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November 11, 2019 Life Science Consulting

Three Steps Towards Fulfilling the EMA Nitrosamine Advice

Bart Anneveld, M.Sc. Senior Consultant, Development and Manufacturing

Since September 26, 2019, all EU Marketing Authorization Holders (MAH) of medicines for human use are facing what might feel for many, as a new requirement: review their drug products on the possible presence of nitrosamines.

The European Medicines Agency (EMA) has sent a notice[1], to marketing authorization holders to review their human medicinal drug products containing chemically synthesized APIs on the potential risk of containing nitrosamines impurities.

MAHs are now facing a clear requirement with strict deadlines; fulfilling the three-step approach as outlined below:

Step 1: Risk Evaluation

MAHs should perform risk evaluation of their medicinal products containing chemically synthesized APIs. MAHs should prioritize products in order to establish the sequence in which their products are to be evaluated. The risk evaluation of all products should be concluded, at the latest, within 6 months of the publication of the EMA notification. MAHs should inform the concerned Competent Authorities when the risk evaluation is concluded. If a risk of the presence of nitrosamines is identified as a result of the evaluation, the MAH should proceed to Step 2.

Step 2: Confirmatory Testing

In the event that a risk of the presence of nitrosamines is identified as a result of the risk evaluation, confirmatory testing should be carried out using appropriately validated and sensitive methods in accordance with the prioritization deriving from the risk evaluation conducted in Step 1. Products identified as high priority should be tested as soon as possible. Confirmatory testing of all medicinal products identified to be at risk of the presence of nitrosamines and submission of required changes in the manufacturing authorizations should be concluded at the latest within 3 years of the publication of the EMA notification or at an earlier time if otherwise justified.

MAHs should inform the Competent Authorities immediately if tests confirm the presence of a nitrosamine impurity irrespective of the amount detected.

Step 3: Changes to the Marketing Authorization

MAHs should apply for a variation in a timely manner to introduce any required changes, such as an amendment of the manufacturing process or changes to product specifications.

At all steps, timelines should be shortened, and authorities immediately informed if findings indicate an immediate risk to public health.

If for many pharmaceutical companies the three-step requirement does not present particular technical challenges, for all those situations where the portfolio of human medicinal products with chemically synthesized APIs is large, the exercise can feel like an insurmountable mountain to climb.

EMA appeals to the MAH responsibilities as rationale for the strict implementation deadlines, explicitly reminding the MAH’s that control of impurities already falls under the scope of their responsibilities as per current Directive 2001/83/EC (see Paragraph ‘Responsibilities of MAHs’ in the “Information on nitrosamines for marketing authorization holders EMA/189634/2019”).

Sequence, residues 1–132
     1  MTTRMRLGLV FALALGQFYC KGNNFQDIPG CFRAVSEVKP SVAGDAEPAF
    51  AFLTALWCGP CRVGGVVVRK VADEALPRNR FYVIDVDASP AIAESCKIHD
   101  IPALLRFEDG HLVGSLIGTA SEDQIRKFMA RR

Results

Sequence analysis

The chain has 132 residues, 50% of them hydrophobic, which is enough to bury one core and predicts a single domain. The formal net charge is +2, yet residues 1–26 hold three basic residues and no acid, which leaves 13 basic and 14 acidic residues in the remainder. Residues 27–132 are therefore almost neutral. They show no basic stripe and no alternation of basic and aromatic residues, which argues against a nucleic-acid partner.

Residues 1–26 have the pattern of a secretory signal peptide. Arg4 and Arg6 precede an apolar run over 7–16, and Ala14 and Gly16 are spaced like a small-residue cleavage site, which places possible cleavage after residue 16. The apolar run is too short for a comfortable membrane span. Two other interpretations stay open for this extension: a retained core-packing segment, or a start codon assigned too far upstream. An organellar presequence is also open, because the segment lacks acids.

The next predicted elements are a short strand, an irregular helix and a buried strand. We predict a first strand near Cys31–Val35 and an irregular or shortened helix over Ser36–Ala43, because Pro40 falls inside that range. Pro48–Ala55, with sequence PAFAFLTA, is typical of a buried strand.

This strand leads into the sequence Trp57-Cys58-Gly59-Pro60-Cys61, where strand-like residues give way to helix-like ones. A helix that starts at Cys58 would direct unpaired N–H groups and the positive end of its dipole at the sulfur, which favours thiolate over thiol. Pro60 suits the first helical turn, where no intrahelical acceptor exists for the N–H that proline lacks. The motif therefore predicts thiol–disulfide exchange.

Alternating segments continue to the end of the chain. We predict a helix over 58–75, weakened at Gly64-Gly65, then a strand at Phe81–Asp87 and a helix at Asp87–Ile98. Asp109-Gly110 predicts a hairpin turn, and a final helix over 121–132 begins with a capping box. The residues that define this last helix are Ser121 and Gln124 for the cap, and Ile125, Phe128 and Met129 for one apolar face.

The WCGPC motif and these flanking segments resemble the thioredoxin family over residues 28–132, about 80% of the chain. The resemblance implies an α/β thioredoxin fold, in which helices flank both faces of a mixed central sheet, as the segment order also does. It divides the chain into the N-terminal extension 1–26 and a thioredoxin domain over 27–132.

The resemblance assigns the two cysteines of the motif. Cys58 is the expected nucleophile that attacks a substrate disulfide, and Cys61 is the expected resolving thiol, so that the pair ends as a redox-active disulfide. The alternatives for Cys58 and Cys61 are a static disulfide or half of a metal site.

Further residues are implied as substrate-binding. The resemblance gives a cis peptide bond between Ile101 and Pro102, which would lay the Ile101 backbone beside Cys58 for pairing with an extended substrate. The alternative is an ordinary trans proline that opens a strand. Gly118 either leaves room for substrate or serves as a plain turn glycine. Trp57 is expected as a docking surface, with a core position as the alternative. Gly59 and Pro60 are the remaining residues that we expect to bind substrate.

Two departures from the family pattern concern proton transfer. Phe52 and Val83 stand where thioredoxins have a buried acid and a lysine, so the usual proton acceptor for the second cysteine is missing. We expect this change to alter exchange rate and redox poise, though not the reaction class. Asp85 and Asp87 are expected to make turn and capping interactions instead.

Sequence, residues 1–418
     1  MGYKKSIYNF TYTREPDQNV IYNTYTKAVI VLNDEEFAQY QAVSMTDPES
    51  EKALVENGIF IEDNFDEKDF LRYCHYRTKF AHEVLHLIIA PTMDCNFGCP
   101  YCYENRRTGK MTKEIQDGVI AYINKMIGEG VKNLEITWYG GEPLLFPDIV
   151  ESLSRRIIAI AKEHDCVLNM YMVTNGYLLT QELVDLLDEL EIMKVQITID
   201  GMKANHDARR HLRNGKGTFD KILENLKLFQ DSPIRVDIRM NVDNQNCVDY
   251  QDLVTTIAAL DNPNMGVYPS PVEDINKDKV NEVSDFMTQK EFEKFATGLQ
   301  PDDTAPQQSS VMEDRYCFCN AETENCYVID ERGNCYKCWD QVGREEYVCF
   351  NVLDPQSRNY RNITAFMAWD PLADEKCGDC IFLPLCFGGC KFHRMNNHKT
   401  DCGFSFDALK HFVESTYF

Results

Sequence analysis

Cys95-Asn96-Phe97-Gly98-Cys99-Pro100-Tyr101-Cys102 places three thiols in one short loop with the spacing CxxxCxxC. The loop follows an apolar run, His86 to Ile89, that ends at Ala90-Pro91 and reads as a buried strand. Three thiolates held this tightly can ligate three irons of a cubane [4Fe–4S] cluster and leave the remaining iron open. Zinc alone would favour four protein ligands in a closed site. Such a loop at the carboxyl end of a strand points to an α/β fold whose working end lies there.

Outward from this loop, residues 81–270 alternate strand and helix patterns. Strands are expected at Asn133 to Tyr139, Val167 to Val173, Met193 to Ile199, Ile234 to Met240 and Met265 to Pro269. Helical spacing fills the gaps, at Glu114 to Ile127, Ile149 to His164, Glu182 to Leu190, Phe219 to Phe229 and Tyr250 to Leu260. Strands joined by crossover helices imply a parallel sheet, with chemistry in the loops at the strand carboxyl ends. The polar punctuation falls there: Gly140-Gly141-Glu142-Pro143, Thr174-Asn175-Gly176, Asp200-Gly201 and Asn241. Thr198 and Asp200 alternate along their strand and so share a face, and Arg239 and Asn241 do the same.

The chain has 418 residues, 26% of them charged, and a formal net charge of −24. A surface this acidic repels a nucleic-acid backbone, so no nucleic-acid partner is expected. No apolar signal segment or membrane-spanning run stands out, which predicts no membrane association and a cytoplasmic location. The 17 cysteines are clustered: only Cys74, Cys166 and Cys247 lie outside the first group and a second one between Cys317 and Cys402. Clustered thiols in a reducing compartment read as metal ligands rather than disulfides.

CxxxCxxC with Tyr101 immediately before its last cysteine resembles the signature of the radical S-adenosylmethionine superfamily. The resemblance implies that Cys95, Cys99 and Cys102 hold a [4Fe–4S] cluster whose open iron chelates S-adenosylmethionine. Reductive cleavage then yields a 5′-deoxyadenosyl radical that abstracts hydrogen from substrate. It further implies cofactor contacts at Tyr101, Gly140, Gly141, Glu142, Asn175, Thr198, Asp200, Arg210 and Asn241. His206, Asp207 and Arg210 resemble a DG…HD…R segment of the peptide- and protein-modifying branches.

Therefore, regardless of the impact for companies, EMA has issued a clear statement, with specific deadlines, which are not likely going to be extended, given the adopted standpoint that control of nitrosamines (as well as all impurities in general) already falls under MAH responsibilities and is therefore not a new requirement.

The key for success in this regulated[1][2], yet complex, environment is employing a results-driven program from day one, making use of a chemistry-based strategy, which will enable you to streamline the required effort for both Risk Assessment as well as Analytical Method development and validation.

A multidisciplinary approach involving Formulation experts, Quality Assurance, Quality Control and Regulatory Affairs, is essential to fulfilling this requirement from EMA and ensure control of nitrosamines presence in medicinal products for human use.

Other major regulatory bodies (e.g. FDA, Health Canada) are also taking a position on this issue; positions that should be taken into account whilst making decisions for all the human medicinal products in a company’s portfolio worldwide.

Although FDA and Health Canada seem to be in alignment with the EMA on the relevance of the issue, EMA is so far the only agency that has issued the most detailed guidance.

FDA has issued a separate statement for companies[3], while Health Canada has not issued any statement nor guidance but as a precaution has requested to stop distributing all ranitidine drugs while gathering and sharing information with other regulators, including the U.S. Food and Drug Administration and the European Medicines Agency, and with Canadian companies to better understand the issue.

As the nitrosamine control issue does not formally fall into the category of new requirements, it still can prove to become a significant effort for all those pharmaceutical companies with a large portfolio of products with chemically synthesized APIs; needing therefore close monitoring as to prevent product shortages.

For more information, please visit our page on the EMA Advice on Nitrosamines.





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